• The Friends of UW-Eau Claire have also shown overwhelming support for helping prepare students for the workforce. The UW-Eau Claire Foundation Board of Directors voted unanimously last week to extend its "Fulfilling the Promise of Excellence" fundraising campaign through December 2007, and to increase the goal from $35 million to $50 million. Scheduled originally to end in June 2005, the campaign has already raised $38 million, surpassing the initial goal 15 months ahead of schedule! The campaign is notable in that the funds raised will be directly invested in UW-Eau Claire's faculty, staff, students and programs, and the enthusiasm alumni and friends have shown speaks volumes about the impact that campus has had on people's lives. Many congratulations to Chancellor Mash and UW-Eau Claire.

A couple of other quick notes to close:

  • Some good news from one of our UW Colleges on the research front – UW-Marinette physicist Paul Erdman was recently published as a lead author in the prestigious Journal of Quantitative Spectroscopy & Radiative Transfer. UW-Marinette is prominently featured in his article, titled "Optical Absorption of Lithium Metal Vapor at High Temperatures." Congratulations to Dr. Erdman, whose research is both an example of university scholarship, and an example for our students at the UW Colleges.
  • UW-River Falls honored our cherished friend and former Chancellor Ann Lydecker last month during the dedication of the campus' new C.H.I.L.D. Center. "CHILD" stands for Creative Hours in Learning Development, a philosophy the center will use in caring for as many as 96 youngsters. Chancellor Lydecker worked to make the center a priority before her untimely death last year, and she helped to gain enough support from students and private donors to pay for the $1.1 million dollar facility without a single taxpayer dollar. Congratulations to UW-River Falls for making this vision a reality. [Applause]
  • And speaking of little ones, UW-Milwaukee's Graduate School and Chemistry Department will host a "Symposium on Nanotechnology" next Friday. Those who study nanotechnology work to develop devices and systems on a molecular scale, which could mean exciting advances in fields like genetics, artificial intelligence and physics. Before coming to Milwaukee, Chancellor Carlos Santiago helped broaden similar research at the University at Albany, and we are delighted to have his expertise here in Wisconsin. We look forward to UWM's continued work in this area.
  • UW-Parkside has broadened its horizons by signing an exchange agreement with the University of Calabria-Cosenza of southern Italy. The agreement is an important part of the university's efforts to give students a chance to make global connections, and at the same time, honors southeastern Wisconsin's Italian heritage. Interest seems high, as a new Parkside course in Beginning Italian immediately filled to capacity. Word has it that Chancellor Keating has been heard walking around campus saying "ciao" even when he's not hungry!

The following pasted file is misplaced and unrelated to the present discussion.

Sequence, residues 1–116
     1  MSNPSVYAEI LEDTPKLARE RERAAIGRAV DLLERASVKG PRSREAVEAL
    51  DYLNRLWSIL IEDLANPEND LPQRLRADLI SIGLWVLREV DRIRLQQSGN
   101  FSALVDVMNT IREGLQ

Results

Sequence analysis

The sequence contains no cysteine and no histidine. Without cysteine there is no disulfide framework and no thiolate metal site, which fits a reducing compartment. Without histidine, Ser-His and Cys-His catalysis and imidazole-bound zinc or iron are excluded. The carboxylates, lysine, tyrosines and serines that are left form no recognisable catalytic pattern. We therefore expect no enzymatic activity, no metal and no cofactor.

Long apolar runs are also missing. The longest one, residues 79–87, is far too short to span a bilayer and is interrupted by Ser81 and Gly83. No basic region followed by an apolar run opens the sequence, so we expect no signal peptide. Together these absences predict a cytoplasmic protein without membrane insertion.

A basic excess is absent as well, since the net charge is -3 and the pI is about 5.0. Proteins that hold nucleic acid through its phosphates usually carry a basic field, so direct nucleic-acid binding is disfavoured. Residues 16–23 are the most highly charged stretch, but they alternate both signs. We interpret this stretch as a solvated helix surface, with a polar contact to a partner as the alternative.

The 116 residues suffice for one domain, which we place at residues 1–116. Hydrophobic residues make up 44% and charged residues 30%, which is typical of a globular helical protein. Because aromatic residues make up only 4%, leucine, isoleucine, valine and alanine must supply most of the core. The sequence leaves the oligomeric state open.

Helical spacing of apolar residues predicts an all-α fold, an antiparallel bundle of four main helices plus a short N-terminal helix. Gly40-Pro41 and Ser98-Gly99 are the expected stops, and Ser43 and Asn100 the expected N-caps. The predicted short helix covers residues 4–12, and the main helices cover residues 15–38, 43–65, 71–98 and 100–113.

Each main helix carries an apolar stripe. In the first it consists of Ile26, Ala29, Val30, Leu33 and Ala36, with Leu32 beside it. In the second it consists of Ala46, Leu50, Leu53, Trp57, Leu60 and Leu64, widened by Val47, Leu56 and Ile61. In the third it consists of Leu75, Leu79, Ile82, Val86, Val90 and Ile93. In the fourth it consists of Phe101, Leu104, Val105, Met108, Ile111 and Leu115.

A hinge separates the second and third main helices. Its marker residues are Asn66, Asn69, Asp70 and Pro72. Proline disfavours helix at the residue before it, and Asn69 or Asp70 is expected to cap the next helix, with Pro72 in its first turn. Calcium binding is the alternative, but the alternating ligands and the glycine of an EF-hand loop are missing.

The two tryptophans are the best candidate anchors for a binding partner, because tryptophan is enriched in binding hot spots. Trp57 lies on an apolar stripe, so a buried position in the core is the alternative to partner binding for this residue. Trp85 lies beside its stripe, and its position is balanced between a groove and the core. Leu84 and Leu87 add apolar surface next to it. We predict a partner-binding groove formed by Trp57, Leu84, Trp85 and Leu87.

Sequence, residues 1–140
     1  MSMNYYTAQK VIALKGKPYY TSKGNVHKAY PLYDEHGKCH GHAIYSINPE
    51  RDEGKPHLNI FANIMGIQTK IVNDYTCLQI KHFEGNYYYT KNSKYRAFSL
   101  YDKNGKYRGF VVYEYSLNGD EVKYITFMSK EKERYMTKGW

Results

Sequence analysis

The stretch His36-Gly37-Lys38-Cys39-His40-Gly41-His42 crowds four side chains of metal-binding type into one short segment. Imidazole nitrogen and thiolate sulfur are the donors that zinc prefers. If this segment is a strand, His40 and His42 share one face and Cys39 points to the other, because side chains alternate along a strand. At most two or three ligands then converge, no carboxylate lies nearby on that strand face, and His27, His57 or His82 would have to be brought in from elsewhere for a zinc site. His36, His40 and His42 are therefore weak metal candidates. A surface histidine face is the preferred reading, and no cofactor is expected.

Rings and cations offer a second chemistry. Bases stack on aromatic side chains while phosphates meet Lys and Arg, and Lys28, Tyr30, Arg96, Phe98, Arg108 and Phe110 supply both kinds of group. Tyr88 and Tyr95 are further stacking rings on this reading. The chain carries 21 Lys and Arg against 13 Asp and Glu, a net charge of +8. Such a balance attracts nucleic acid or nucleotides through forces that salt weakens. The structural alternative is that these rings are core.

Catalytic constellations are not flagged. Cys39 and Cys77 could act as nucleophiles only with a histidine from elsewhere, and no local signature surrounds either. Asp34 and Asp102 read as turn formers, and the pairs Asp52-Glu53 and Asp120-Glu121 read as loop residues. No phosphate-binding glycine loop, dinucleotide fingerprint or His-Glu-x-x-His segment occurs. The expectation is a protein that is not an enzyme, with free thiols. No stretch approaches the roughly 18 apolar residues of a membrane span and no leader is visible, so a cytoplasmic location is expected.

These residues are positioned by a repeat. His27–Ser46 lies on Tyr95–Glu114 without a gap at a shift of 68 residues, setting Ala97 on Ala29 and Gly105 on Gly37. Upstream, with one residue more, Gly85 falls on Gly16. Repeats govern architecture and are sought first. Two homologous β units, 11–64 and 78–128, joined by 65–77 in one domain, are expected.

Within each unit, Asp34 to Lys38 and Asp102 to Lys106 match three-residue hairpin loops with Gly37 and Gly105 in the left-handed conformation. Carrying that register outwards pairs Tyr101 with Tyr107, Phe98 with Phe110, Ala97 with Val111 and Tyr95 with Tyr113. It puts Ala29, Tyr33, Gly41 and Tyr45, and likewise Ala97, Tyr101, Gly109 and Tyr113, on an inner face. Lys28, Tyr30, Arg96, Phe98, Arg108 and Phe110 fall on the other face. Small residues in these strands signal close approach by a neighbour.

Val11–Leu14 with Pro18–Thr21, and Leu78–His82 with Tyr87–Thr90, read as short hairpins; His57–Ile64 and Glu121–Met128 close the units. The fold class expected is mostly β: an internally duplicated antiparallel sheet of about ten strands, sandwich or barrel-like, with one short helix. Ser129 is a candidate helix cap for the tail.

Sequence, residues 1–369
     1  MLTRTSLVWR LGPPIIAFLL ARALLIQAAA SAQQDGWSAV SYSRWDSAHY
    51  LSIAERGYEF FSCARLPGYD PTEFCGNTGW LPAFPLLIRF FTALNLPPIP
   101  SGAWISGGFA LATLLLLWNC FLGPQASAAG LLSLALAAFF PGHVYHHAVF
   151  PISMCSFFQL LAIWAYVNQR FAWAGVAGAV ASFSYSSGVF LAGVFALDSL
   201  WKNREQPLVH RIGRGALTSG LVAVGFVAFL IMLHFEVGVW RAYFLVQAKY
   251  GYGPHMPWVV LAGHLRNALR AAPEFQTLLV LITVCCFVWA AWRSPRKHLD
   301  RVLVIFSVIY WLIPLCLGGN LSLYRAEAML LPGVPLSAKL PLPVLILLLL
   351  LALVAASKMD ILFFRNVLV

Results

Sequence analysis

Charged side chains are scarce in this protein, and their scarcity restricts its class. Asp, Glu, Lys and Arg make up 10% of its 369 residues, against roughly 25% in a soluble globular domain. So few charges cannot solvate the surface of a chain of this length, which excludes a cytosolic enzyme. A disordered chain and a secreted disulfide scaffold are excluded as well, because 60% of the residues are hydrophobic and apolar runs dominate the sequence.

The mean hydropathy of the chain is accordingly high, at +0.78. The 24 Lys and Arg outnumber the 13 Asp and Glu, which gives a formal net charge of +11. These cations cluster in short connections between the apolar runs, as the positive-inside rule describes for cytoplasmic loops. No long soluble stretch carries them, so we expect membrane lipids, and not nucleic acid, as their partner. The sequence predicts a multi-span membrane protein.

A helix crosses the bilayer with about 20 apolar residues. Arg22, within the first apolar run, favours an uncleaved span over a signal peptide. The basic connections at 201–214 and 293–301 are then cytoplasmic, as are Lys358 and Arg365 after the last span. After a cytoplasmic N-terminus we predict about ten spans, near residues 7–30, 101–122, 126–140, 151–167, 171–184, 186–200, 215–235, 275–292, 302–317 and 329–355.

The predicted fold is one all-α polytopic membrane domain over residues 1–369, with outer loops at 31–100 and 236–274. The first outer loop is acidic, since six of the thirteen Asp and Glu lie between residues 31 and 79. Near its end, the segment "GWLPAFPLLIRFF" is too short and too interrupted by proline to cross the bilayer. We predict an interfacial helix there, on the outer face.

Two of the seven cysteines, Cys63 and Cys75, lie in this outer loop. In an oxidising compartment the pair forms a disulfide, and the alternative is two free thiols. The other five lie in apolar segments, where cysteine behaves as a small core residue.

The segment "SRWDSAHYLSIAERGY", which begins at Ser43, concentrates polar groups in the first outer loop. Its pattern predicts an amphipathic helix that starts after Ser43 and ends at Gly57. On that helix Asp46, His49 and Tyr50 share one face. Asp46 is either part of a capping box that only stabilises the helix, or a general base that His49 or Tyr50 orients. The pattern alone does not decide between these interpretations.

• I'd like to end today by drawing your attention to the release of a very telling report from the Wisconsin Technology Council. This document, titled "The Economic Value of Academic Research and Development in Wisconsin," shows that R-and-D at Wisconsin universities and research institutions translated into $883 million and 31,000 jobs for the state last year alone. The report notes that even as the state's economy has suffered, academic research and development have been going strong, growing by $47.5 million last year in the UW System alone! Most importantly, the report urges the governor and the Legislature to begin to restore the UW System budget. I think we're being audiostreamed today, so in case anyone is listening, let me repeat that: Most importantly, the report urges the governor and the Legislature to begin to restore the UW System budget. The report's author, Tom Still, who is the CEO of the Wisconsin Technology Council, made these very arguments to the Joint Audit Committee with us just the other day. I encourage you all to read the report, and I thank the Wisconsin Technology Council for paying such close attention to this critical part of what we do and for sharing its findings with the state.

And I thank you all, especially you Superior types, for the good work that you on our behalf each and very day. Mr. President, that concludes my report.


Related: Regents News Summary for October 8, 2004